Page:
According to Dr. Nataliya Tsar of Tsar Dental Excellence Cosmetic Dentists Palm Beach, sleep apnea should be handled with extreme care. The condition is harmful in many ways and can cause more than disturbances to one’s sleep.
Sleep apnea can contribute to various diseases
People who have obstructive sleep apnea are most likely to have other serious conditions such as high blood pressure, heart disease and Type 2 diabetes. Waking up frequently during sleep causes hormonal imbalances which can result in higher blood pressure levels during nighttime. Since oxygen can also get cutoff when the breathing stops, it may even lead to hypertension. Heart attacks during sleep are not unlikely for those with sleep apnea. The irregular flow of oxygen during sleep makes it difficult for the brain to maintain regular blood flow which can result in strokes. About 80% of diabetics are diagnosed with sleep apnea of some sort. It is believed that the lack of sleep can cause a resistance to insulin which can turn into diabetes in time.
Gaining weight can contribute to sleep apnea
Those who are severely overweight have a higher chance of being diagnosed with sleep apnea. Losing enough weight can be difficult but can save a person from the many dangers of sleep apnea. An overweight person may have fat deposits that can block the air passage when lying down. Those with sleep apnea may have a hard time shedding the weight due to sweet and carbohydrate craving, lack of energy and a slower metabolism.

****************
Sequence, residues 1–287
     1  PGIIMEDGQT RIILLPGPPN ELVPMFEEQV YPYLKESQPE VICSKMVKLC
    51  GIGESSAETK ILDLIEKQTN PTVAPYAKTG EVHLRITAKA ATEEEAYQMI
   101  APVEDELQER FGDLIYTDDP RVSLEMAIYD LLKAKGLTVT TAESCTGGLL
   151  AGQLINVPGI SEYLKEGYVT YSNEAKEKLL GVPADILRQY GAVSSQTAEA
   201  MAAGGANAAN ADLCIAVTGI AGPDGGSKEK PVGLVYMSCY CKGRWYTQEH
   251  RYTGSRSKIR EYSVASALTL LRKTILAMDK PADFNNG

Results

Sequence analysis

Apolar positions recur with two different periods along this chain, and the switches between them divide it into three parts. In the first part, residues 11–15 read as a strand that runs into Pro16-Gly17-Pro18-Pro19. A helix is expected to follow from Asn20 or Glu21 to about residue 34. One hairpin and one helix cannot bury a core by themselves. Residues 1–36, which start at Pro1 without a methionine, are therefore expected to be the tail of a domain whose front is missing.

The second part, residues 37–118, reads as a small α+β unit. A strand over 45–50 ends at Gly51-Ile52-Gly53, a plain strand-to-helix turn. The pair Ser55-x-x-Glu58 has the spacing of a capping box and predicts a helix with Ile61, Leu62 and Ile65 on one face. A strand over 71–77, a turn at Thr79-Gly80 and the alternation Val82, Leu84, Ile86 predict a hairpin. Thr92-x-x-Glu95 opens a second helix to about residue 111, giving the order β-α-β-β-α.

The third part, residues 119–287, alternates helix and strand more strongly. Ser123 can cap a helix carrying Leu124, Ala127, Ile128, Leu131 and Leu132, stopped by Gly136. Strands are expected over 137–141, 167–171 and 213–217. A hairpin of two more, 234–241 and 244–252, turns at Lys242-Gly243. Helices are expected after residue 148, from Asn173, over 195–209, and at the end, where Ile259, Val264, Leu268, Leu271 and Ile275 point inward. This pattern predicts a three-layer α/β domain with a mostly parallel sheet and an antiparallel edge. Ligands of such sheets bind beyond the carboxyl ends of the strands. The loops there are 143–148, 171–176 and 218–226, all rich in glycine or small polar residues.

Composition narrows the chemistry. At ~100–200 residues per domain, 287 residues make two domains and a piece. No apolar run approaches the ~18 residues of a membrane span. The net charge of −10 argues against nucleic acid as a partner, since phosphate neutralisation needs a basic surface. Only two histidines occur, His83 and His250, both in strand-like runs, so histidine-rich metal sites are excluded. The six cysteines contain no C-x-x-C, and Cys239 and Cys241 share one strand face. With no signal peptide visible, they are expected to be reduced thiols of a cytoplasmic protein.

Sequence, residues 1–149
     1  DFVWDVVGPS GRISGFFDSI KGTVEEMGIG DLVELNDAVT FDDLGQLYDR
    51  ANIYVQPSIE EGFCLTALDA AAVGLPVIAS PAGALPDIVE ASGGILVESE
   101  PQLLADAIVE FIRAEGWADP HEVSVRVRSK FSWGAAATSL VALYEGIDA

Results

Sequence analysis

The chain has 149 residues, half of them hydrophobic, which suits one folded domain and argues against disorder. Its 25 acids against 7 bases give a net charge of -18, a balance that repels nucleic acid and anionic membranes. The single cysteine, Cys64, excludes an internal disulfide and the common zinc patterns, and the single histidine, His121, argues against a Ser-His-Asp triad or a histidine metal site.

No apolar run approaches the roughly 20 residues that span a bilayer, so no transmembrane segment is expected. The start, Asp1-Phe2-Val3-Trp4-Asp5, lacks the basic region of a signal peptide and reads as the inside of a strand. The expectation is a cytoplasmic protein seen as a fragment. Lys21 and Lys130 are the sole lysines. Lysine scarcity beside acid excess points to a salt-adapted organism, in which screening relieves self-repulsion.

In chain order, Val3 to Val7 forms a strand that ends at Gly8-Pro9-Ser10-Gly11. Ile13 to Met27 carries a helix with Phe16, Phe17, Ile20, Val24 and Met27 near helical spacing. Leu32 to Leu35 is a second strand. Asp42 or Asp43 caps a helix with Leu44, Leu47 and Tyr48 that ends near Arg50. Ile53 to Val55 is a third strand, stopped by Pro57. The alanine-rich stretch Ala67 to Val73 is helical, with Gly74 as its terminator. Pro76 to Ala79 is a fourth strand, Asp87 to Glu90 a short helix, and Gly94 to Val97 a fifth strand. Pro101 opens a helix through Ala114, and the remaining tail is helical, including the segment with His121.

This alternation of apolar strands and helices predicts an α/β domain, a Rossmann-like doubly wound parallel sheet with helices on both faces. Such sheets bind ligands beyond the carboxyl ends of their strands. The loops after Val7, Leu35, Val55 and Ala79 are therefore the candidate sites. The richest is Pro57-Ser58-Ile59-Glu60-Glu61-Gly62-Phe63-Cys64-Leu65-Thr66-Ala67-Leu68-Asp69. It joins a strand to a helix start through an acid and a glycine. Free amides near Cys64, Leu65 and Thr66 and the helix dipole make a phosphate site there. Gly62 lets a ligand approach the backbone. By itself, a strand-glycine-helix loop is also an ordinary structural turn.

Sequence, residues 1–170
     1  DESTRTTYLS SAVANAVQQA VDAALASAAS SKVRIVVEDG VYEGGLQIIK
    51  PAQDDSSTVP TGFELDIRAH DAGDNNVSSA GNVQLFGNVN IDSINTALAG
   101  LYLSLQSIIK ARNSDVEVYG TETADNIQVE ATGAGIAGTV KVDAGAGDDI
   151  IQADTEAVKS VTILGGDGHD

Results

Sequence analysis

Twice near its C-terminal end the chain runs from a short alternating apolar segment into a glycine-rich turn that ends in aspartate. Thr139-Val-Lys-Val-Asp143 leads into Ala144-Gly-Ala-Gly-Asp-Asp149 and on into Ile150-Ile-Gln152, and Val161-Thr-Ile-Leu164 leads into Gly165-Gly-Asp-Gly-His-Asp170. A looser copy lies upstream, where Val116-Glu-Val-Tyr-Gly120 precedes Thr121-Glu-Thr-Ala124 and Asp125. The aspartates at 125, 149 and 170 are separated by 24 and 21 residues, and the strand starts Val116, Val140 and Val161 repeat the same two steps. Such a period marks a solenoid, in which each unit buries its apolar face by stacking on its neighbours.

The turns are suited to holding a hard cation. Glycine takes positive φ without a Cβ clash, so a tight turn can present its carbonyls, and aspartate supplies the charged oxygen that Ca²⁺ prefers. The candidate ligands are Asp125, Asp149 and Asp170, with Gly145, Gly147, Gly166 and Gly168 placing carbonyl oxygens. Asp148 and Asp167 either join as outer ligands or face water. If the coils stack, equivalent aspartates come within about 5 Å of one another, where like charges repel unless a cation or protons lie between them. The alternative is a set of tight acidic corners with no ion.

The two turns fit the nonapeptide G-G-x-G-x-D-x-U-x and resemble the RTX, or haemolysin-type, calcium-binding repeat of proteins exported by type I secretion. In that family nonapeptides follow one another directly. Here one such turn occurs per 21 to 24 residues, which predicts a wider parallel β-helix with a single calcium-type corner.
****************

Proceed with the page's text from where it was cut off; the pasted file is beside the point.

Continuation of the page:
Sleep apnea can cause and be the result of dental problems
Most often, dentists and TMJ dentists find that sleep apnea is caused by various misalignments on the structure of the jaw bones. When the jaw and neck bone structure is misaligned, it can lead to a smaller air passage which can cut off oxygen multiple times when sleeping. Certain conditions such as bruxism are often associated with sleep apnea and can cause severe damage to the teeth if left untreated.
Sleep apnea is also believed to be linked with acid reflux and adult asthma
While no hard evidence has been discovered, it is believed that acid reflux and adult asthma have some kind of a link with sleep apnea. Most asthmatics find that they have fewer attacks when undergoing sleep apnea treatments and many patients complain about heartburn and acid reflux as a result of sleep apnea.